According to a recent e-mail sent to Hearst Connecticut Media Group site users, visitors can no longer say “fracking” when commenting on articles. Hearst’s reasoning for the ban is a frequent use of the term as a substitute for “fucking.”
Not at a Battlestar Galactica junkie? Apparently the “frakk” “fuck” switcharoo is a thing over there, but we’re not sure that’s part of its common rhetoric down here, in the real world.
Anywho, the e-mail from Hearst’s Stamford Advocate executive producer Brett Mickelson, released by user Kim Feil, reads:
“Sadly, many of our users attempt to exploit a perfectly legitimate word as a replacement for it’s more vulgar cousin. As a result we have been forced to block its usage.”
Hearst’s decision to censor comments caused outrage from anti-fracking activists for justifiable reasons. Fracking is a term generally used to describe the extremely controversial natural gas drilling process, which most recently resurfaced in the news thanks to Governor Cuomos administrative decision to revisit its regulatory proceedings.
In a statement to Jim Romenesko, prolific anti-fracking activist Sharon Wilson expressed her outrage regarding the issue:
“Fracking is a real word. It is used by real — often angry — people to describe impacts to their vital natural resources, health and long-term well-being. …Banning all comments using the word fracking effectively prevents a large segment of the populace from exercising their First Amendment right.”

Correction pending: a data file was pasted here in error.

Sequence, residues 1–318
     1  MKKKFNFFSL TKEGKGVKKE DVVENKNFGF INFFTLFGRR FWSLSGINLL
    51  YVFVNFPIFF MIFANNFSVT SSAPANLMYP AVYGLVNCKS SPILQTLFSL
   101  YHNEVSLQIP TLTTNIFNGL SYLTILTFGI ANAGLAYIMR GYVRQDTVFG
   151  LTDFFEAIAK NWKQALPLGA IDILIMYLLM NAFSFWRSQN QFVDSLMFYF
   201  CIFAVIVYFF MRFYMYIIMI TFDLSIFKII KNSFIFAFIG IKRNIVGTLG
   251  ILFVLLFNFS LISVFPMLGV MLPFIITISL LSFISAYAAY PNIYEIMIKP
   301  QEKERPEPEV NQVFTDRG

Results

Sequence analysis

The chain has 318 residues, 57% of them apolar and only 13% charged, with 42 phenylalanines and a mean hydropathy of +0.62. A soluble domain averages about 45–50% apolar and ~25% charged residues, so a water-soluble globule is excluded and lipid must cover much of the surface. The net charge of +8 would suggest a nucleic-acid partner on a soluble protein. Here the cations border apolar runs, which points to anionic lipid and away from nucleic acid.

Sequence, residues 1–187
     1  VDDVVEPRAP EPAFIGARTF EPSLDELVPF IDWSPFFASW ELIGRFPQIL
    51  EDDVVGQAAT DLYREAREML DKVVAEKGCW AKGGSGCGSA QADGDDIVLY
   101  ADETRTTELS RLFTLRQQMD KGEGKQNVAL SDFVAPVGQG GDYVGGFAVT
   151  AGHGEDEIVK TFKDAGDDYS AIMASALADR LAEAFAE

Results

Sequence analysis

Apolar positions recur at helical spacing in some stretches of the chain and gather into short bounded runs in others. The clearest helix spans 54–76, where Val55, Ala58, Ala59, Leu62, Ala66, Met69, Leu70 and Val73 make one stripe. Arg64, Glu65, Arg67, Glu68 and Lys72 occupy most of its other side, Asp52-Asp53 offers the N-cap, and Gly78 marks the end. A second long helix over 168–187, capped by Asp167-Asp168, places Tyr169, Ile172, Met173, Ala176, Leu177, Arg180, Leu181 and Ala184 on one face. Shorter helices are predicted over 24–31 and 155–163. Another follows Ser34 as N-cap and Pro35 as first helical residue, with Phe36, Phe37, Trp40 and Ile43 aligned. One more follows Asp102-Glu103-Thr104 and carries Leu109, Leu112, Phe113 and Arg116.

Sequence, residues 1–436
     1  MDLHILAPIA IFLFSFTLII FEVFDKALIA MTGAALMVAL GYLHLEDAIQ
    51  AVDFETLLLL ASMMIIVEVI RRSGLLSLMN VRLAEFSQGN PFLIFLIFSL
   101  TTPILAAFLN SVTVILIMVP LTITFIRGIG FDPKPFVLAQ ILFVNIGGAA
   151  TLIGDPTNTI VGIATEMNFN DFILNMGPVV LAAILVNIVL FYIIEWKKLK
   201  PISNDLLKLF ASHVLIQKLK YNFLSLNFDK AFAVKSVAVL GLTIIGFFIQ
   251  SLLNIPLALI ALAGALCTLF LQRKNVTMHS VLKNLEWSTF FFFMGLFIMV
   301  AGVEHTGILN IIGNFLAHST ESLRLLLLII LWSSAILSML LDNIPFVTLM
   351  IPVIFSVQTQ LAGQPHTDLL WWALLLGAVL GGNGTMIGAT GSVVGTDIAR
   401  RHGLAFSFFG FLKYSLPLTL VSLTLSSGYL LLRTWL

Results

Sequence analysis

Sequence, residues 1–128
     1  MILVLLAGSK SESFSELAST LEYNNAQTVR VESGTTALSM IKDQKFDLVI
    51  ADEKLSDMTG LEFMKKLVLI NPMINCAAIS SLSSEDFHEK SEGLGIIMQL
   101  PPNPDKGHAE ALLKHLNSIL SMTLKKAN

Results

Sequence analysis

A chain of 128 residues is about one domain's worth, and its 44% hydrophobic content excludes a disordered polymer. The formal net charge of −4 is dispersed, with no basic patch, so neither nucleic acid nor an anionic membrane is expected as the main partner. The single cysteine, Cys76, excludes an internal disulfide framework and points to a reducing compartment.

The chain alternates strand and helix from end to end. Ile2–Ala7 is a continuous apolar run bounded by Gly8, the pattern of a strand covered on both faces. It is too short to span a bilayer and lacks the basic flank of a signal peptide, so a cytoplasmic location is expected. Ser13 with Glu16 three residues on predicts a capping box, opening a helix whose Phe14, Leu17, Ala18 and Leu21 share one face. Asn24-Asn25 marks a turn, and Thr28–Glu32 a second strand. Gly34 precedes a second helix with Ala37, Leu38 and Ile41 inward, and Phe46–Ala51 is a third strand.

While Wilson’s argument stands on strong moral grounds, as a private company Hearst has no legal obligation to their users, allowing them to do whatever the frack they want.
Wilson recently released a new e-mail she received at 11:27 am from Mickelson following her initial inquiry. It read:
“It was a technical issue tied to anti-profanity screening. It has been fixed to allow the word “fracking” to appear in our comments section. It was never a policy here or elsewhere at Hearst.”
This appears as a drastic deviation from a response he sent to Wilson earlier after her first inquiry which read:
“there is nothing unsettling about the word ‘fracking,’ and it is an important issue in current events [but] that doesn’t stop others from using the term inappropriately in an entirely different context.”
All we’ll say is that “We’re fracked!” sounds a hell of a lot like “We’re fucked!”